As I pen these notes, nature is struggling on regardless of the chilly N.E.winds and no rainfall for ages. It is tough on new arrivals. In a nest in the honeysuckle growing around our back door a blackbird has raised three chicks. I have watched their progress daily from the big moment of five eggs appearing in the nest to now when the ugliness of their part-feathered bodies will soon give way to demanding fully feathered “teenagers”. Immediately after leaving their nest they are still very vulnerable to predators. Their parents secrete them in the undergrowth or bushes. Knowing exactly where they are hidden they continue to supply ever increasing amounts of worms etc. feeding them from dawn to dusk until gradually they become independent. Wrens are famous for the odd places in which they build their several nests. Dolly’s stable has a window protected on the inside by a wire grid. In the cavity thus formed between the glass and the grid a wren has constructed a dome like home, quite indifferent to the pony’s lumbering about just inches away. Next to the stable is a shed which houses straw, hay, mower, garden tools and much else besides. Propped up in a dark corner is a copper syringe. When I was a boy, I used to use this to spray my grandfather’s tomato plants (no plastic garden equipment in those far off days!). This year it forms a prop for a robins nest.. Several gaping yellow beaks appear seeking food when I disturb their nursery. Above them in the roof the usual swallows, which I first noticed on April 14th, have begun constructing their nest I suspect mud could be in short supply!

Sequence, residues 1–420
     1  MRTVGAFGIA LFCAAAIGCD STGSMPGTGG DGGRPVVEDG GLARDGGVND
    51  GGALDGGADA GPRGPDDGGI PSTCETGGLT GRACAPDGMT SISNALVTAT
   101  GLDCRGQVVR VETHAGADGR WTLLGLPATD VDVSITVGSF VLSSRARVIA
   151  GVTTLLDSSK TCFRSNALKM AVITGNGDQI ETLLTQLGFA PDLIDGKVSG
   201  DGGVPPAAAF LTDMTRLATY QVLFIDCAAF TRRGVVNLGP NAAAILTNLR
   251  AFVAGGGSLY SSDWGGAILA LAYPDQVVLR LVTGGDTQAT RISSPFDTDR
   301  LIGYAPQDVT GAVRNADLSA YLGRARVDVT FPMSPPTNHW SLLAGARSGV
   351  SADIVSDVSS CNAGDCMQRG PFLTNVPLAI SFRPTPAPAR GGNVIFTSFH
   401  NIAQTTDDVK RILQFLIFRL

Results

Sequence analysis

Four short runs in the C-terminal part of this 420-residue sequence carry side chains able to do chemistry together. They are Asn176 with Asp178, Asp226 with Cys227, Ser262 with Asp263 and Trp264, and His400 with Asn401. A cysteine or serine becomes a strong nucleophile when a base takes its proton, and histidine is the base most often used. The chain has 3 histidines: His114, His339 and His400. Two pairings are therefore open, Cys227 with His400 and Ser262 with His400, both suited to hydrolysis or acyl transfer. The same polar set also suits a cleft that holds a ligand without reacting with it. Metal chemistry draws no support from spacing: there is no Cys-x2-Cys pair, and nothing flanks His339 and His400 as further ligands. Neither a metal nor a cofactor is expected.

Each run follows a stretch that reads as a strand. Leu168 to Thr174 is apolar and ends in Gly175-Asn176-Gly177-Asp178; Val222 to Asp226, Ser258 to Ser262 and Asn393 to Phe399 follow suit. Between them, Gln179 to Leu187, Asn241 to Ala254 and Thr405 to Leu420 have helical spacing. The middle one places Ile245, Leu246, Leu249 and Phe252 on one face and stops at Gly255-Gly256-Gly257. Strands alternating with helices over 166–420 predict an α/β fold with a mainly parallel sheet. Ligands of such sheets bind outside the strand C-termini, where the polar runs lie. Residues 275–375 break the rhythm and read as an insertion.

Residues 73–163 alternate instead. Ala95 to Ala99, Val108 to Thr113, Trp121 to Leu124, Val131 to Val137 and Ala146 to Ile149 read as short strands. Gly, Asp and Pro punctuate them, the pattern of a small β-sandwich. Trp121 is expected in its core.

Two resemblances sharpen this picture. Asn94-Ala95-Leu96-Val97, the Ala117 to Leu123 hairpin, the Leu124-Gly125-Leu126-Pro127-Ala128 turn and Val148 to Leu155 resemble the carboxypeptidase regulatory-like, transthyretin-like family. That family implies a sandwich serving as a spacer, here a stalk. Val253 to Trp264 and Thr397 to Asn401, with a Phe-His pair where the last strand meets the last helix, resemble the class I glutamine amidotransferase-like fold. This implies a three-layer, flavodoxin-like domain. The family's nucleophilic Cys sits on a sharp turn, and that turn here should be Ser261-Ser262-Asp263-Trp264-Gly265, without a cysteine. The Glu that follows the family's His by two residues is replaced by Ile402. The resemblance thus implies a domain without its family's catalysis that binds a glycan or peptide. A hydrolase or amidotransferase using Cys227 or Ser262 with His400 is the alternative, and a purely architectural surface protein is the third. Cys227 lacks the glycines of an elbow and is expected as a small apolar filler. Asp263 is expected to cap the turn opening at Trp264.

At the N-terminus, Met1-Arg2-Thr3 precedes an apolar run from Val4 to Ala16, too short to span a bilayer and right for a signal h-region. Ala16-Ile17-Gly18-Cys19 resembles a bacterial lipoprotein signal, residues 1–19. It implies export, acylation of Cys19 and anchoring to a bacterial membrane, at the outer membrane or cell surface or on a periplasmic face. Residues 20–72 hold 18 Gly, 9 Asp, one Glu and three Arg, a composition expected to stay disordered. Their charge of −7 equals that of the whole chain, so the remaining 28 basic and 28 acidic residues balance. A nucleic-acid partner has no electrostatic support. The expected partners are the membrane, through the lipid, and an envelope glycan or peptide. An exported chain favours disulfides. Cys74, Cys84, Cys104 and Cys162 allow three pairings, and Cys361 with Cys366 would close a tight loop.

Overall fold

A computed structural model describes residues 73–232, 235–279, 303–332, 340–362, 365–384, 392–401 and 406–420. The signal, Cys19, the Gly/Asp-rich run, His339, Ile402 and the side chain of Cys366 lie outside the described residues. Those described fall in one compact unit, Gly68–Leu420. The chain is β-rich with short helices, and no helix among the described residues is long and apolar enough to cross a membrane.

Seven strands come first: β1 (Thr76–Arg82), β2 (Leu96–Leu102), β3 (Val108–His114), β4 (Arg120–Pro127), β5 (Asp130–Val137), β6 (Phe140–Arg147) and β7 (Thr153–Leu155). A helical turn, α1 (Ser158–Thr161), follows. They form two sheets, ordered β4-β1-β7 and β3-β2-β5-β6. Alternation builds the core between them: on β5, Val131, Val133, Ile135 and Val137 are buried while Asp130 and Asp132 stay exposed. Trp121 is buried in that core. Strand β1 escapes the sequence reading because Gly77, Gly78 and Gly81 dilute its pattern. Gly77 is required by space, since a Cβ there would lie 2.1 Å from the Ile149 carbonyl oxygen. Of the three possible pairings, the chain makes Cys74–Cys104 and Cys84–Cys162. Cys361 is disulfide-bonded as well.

In the closing days of April it is sometimes easy to forget the harsh North Sea winds. The sun had gained height and, consequently, warmth. The air was calm. The Army Air Corps was on holiday. On such a day a walk took me to a field’s headland where one could look about and see part of three parishes - Earl Soham, Cretingham and Brandeston. It was a peaceful scene with an almost uninterrupted vista of green, the dominant yellow of flowering oil seed rape not yet asserting itself. Had I stood there just 10 years ago, many skylarks would have gaily shrilled their way into the blue sky. On this occasion not one could I hear. Their shrill song as they climbed higher and higher used to be such a permanent melody to the countryside activity It was so familiar and so taken for granted. It is to be hoped they will return in numbers encouraged by more sympathetic agricultural practices. Further on, resting in the middle of a 30 acre field were two roe deer, looking like book ends. They were near enough to the wood side should a quick retreat be needed. Their ears were constantly reacting to every sound in a permanent state of “red alert”